Do you talk about your money? You should, because money issues can often be avoided with the simple fix of communication. Money and relationships are very similar in this respect. You have to talk about both (preferably with your partner) if you want them to work out for you. And if you are already married you probably know how closely linked marriage and money become in your relationship.
There’s no doubt that divorce is rampant in our society and in a good many cases money is one of the reasons. Usually it isn’t the lack of money that causes the issue (rich people get divorced as frequently as poor), but rather the lack of communication about money. In truth, financial problems in a marriage can actually serve to pull the partners closer together as they work to resolve the underlying debts and financial chaos.
I think many cases of conflict about money in a marriage (or any partnership) can be avoided. Arguments about money seem to follow a very similar pattern. One partner, or both, fail to have the critical discussions about where and how the money gets spent, what the plans are for savings and the future and most importantly their feelings about how money is handled, spent and saved.
I don’t know if there is a connection, but here in Thailand the divorce rate is very low (less than 10%) and people talk about money very freely. I’m not talking just about within a relationship, but among friends and even acquaintances. It is not unusual at all to be asked how much your house, car and wedding cost as well as asking how much money you make at your job. Comparisons are often made and no one takes offense or gets jealous (much) of those who through luck or hard work are making more money.
Maybe this came about because of the relative lack of money in Thailand. A good portion of the population here are quite poor or very recently have joined the middle class. Or possibly it is because social status here is very tied to money and Thais are extremely conscious of social status. The easiest way to determine your place would be to quite simply just ask. I’m not sure, but the positive upside is that talking about money, budgeting and saving in a relationship is much less fraught with peril.
Another difference I’ve noted is that Thai couples are much more likely to keep separate accounts than their Western counterparts. Not just money, but even land and investments are often kept separate, with the husband having his property and income and the wife having hers. A joint account is kept for the household expenses of course. My wife and I do this and to be honest I think it helps avoid money issues and problems in several ways.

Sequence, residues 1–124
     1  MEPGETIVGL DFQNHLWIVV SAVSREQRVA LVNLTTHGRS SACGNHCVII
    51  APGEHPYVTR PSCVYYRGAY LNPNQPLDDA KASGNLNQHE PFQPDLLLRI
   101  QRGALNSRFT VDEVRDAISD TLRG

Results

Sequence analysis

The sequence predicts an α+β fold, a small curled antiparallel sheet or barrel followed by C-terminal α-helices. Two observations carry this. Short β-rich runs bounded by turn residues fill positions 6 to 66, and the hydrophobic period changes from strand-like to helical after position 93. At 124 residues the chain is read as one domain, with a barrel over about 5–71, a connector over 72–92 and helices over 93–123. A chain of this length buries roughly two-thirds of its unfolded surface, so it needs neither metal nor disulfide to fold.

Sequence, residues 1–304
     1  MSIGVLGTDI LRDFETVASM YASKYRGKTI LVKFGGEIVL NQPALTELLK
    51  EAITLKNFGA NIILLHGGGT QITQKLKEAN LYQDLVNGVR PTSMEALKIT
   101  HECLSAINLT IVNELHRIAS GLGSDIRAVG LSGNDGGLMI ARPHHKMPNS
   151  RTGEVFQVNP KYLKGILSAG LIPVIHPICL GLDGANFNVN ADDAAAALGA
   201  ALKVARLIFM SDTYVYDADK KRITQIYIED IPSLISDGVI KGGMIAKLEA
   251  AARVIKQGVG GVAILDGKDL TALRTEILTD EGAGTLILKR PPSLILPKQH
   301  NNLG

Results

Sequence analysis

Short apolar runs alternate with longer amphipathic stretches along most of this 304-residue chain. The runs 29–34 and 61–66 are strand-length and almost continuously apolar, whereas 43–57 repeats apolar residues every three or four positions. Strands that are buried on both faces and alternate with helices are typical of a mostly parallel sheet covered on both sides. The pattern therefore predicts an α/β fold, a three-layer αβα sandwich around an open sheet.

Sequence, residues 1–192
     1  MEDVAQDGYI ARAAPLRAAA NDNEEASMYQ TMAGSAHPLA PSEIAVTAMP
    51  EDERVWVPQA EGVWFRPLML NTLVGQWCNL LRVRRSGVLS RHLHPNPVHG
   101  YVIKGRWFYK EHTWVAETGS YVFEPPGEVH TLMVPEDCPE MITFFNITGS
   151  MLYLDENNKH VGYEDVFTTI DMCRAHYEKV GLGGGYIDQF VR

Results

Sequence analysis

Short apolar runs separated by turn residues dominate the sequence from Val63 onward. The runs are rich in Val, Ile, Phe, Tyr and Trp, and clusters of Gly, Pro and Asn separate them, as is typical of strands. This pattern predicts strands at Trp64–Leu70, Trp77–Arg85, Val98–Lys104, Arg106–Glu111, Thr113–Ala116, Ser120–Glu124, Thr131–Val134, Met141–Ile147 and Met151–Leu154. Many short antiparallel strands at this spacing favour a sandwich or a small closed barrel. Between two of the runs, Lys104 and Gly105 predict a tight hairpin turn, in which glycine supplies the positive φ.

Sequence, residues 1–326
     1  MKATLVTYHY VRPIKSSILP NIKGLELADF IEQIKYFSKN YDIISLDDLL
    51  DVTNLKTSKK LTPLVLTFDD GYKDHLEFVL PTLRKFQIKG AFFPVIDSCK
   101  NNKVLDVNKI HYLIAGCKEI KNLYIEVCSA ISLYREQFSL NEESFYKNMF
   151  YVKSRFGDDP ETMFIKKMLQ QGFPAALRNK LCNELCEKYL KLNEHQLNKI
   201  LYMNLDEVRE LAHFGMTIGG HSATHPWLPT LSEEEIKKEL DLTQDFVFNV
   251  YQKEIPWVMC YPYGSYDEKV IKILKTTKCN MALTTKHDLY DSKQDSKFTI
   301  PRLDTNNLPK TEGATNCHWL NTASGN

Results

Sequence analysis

- We talk more about the household budget because we are both invested in it. It is not the responsibility of one or the other.
- We rarely have conflicts over spending because the money being spent is typically not joint funds, but rather our own funds. I have my fun money and she has hers. The way that money is used is up to each individual.
- Because we have our own separate accounts we are more likely to buy small gifts for each other on a regular basis. There is no guilt involved about raiding the joint funds that could have been used for savings. Maybe this is just us though 🙂
Whatever the differences between how money is handled by couples here in Thailand and how it is handled in the West, the key factor is communication. If you are just starting a relationship be honest about your finances and expect the same from your partner. Share details about your income, your expenses and even your debts. I don’t doubt this might be embarrassing for some, but relationships are totally about honesty and trust. If the relationship continues the truth will come out eventually and if it was hidden for some time you will certainly be seen as breaking the trust in your relationship.
If you are already married you can help to avoid money problems in marriage by communicating as well. Talk about your feelings regarding money. Do you feel it is hard to come by and so you are extremely frugal? Or maybe you have an abundance mindset that tells you there is always more money to be had and this contributes to your free spending ways. Set plans and goals together for the future, whether that be long term goals like retirement or shorter term goals like a vacation or large purchase. And whatever you do, avoid breaking your partners trust in you by going against something the two of you have already discussed.
Money does not have to be an issue in a relationship. In fact, it can be something that pulls you closer together when you share common goals. Even if your feelings about money differ greatly, it will help your relationship when your partner knows what your feelings are. At least that way they can understand some of your money behaviors and can even help you change them if that’s what you want.
Marriage and money both require communication, trust and honesty from you as well as from your partner. If you haven’t been communicating about your money why not start today. It can be something as simple as “How much money do you think we should be saving”? Keep an open mind because you might not agree with the answer, but at least you will have opened the channels of communication.